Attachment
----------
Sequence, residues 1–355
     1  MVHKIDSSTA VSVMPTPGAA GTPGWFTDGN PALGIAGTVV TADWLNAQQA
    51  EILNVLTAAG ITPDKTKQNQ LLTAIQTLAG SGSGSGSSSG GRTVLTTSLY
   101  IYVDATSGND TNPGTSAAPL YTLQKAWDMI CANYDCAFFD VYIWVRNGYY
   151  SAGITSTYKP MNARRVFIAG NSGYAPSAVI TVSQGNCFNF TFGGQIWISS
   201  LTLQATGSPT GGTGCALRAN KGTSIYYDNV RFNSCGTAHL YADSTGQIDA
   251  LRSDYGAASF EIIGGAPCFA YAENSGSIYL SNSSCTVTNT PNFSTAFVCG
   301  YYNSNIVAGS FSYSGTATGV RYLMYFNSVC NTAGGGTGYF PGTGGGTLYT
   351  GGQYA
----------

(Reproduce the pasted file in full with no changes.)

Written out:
Sequence, residues 1–355
     1  MVHKIDSSTA VSVMPTPGAA GTPGWFTDGN PALGIAGTVV TADWLNAQQA
    51  EILNVLTAAG ITPDKTKQNQ LLTAIQTLAG SGSGSGSSSG GRTVLTTSLY
   101  IYVDATSGND TNPGTSAAPL YTLQKAWDMI CANYDCAFFD VYIWVRNGYY
   151  SAGITSTYKP MNARRVFIAG NSGYAPSAVI TVSQGNCFNF TFGGQIWISS
   201  LTLQATGSPT GGTGCALRAN KGTSIYYDNV RFNSCGTAHL YADSTGQIDA
   251  LRSDYGAASF EIIGGAPCFA YAENSGSIYL SNSSCTVTNT PNFSTAFVCG
   301  YYNSNIVAGS FSYSGTATGV RYLMYFNSVC NTAGGGTGYF PGTGGGTLYT
   351  GGQYA